WASHINGTON—Statement of AFT President Randi Weingarten on the Common Core legislation passed in New York.
"While we continue to believe in standards as a part of the educational strategy that prepares our students for life, citizenship, college and career, the implementation of the Common Core standards in New York state has been terrible, from the fixation on testing and the refusal to release the tests; to the lack of support, funding and professional latitude for New York's professionals in implementing these standards; to the lack of materials for students with disabilities and English language learners; to the lack of information for early childhood educators about whether the preK-2 standards are developmentally inappropriate; and Commissioner King's refusal to listen to parents, teachers and students when they pleaded for adjustments.
"This has led to deep distrust among those closest to our children—parents and teachers, not to mention the real anxiety felt by many of New York's children. The governor and Legislature responded to that frustration first in April by precluding the use of Common Core tests to evaluate kids during this transition and eliminating K-2 testing and inBloom. And now they are moving to ensure that teachers who are working to make these standards work in a way that meets the needs of their students are also not hurt by the effects of this testing.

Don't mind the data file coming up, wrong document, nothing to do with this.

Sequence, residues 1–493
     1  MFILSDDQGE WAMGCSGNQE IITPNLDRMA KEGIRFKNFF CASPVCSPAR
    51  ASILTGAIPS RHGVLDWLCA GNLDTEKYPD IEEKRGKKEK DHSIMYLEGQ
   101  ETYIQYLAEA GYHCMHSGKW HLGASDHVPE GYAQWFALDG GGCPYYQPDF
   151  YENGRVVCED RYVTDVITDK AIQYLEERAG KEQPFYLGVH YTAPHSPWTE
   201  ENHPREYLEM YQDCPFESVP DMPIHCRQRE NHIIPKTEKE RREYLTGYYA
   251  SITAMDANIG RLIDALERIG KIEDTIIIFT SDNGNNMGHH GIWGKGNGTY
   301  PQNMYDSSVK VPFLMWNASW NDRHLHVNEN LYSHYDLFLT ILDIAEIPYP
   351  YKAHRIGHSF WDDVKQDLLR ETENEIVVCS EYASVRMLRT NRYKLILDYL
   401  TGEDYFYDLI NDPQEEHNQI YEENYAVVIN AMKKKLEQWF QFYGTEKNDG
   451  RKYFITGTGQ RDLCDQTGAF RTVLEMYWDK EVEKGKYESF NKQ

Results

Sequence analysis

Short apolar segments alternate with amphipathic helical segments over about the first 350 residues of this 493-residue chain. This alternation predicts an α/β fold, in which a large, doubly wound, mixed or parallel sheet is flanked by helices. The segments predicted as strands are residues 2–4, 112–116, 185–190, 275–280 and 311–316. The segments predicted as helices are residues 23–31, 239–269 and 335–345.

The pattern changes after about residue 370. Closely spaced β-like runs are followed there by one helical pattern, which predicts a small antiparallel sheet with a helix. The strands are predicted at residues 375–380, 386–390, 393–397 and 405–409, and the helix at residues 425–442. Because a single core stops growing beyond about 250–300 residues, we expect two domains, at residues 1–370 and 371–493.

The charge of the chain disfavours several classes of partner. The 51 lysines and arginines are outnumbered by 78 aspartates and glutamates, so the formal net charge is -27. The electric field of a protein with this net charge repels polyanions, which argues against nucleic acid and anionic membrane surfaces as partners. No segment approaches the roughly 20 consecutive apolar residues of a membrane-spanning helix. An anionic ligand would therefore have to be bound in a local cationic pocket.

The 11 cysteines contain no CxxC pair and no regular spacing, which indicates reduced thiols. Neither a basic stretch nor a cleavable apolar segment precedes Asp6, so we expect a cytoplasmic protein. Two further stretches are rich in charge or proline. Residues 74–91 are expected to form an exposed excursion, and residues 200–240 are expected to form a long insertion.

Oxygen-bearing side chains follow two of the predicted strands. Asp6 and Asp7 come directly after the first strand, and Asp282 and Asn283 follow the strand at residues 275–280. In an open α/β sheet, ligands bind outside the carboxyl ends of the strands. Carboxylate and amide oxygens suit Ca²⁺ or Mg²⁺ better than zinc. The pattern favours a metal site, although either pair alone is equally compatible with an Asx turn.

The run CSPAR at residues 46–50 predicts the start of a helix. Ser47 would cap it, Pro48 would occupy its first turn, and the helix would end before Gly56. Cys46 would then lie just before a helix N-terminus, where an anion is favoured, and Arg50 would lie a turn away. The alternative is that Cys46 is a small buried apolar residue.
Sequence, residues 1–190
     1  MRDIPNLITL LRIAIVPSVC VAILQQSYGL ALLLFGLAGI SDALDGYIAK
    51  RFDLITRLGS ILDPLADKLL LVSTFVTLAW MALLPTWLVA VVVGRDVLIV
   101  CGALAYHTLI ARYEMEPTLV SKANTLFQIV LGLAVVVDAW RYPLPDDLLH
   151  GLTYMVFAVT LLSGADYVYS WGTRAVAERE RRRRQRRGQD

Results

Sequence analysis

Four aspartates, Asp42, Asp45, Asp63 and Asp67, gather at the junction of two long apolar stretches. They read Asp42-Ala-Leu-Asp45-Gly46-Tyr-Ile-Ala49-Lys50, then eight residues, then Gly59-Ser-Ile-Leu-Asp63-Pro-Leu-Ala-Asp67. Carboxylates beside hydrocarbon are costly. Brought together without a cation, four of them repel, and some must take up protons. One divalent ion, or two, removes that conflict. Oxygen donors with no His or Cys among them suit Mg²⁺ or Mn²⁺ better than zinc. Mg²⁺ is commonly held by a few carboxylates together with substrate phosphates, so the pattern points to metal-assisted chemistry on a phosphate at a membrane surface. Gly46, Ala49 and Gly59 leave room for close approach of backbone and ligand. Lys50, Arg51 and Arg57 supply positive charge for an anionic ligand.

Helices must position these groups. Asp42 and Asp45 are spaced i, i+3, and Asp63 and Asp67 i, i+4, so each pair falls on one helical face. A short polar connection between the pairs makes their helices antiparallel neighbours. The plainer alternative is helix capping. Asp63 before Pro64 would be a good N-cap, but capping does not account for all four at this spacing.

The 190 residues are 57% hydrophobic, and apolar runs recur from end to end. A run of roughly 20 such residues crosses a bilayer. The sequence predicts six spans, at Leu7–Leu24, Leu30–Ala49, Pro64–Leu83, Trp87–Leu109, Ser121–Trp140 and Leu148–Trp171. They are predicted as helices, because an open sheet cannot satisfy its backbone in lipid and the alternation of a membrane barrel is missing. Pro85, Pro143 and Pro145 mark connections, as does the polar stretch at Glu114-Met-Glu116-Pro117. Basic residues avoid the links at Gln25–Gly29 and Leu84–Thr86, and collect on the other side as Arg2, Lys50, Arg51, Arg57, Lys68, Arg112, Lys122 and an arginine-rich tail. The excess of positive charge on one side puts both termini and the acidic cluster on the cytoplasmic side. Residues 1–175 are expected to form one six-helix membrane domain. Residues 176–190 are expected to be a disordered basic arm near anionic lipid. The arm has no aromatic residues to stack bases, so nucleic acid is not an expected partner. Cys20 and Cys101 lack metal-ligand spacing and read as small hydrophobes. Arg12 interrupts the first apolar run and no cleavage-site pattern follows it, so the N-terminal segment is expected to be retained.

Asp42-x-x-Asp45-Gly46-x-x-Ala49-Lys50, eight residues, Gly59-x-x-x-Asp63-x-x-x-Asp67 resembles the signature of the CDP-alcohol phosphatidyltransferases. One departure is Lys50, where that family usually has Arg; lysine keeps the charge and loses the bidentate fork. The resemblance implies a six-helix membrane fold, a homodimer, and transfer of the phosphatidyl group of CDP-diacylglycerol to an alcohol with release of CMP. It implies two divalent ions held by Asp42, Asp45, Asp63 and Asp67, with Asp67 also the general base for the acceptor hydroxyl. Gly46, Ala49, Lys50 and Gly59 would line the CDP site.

"We're glad the governor and Legislature took this action, which we called for more than a year ago, which we repeated as part of the governor's education reform committee, and which thousands of New Yorkers have called for, including in a recent Siena Research Institute poll showing that 82 percent of New Yorkers believe the implementation was rushed.
"I also commend New York State United Teachers President Karen Magee, NYSUT Executive Vice President Andy Pallotta and all those who worked to secure this.
"This moratorium on the stakes is absolutely essential to reduce the deep anxiety and growing distrust from teachers and parents who feel that New York is more fixated on reducing students to test scores and teachers to evaluation algorithms than on helping children develop a love of learning and preparing them for their futures."